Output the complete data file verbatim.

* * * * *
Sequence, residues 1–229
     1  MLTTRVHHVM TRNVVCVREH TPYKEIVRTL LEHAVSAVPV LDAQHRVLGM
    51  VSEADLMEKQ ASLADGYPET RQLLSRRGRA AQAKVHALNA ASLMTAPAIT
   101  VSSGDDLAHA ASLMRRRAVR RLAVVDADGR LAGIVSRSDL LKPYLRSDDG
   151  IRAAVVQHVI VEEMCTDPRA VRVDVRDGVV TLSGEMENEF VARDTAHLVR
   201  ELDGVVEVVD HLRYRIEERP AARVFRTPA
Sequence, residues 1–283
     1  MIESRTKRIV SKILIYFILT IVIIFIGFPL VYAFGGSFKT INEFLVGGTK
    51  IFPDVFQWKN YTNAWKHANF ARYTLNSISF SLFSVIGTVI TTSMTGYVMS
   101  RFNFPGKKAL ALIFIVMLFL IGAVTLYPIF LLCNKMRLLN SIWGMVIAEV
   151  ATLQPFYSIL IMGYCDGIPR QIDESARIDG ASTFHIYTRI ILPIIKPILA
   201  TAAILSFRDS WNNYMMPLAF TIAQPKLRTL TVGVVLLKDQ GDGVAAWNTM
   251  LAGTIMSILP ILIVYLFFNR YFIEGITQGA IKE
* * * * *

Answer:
Sequence, residues 1–229
     1  MLTTRVHHVM TRNVVCVREH TPYKEIVRTL LEHAVSAVPV LDAQHRVLGM
    51  VSEADLMEKQ ASLADGYPET RQLLSRRGRA AQAKVHALNA ASLMTAPAIT
   101  VSSGDDLAHA ASLMRRRAVR RLAVVDADGR LAGIVSRSDL LKPYLRSDDG
   151  IRAAVVQHVI VEEMCTDPRA VRVDVRDGVV TLSGEMENEF VARDTAHLVR
   201  ELDGVVEVVD HLRYRIEERP AARVFRTPA
Sequence, residues 1–283
     1  MIESRTKRIV SKILIYFILT IVIIFIGFPL VYAFGGSFKT INEFLVGGTK
    51  IFPDVFQWKN YTNAWKHANF ARYTLNSISF SLFSVIGTVI TTSMTGYVMS
   101  RFNFPGKKAL ALIFIVMLFL IGAVTLYPIF LLCNKMRLLN SIWGMVIAEV
   151  ATLQPFYSIL IMGYCDGIPR QIDESARIDG ASTFHIYTRI ILPIIKPILA
   201  TAAILSFRDS WNNYMMPLAF TIAQPKLRTL TVGVVLLKDQ GDGVAAWNTM
   251  LAGTIMSILP ILIVYLFFNR YFIEGITQGA IKE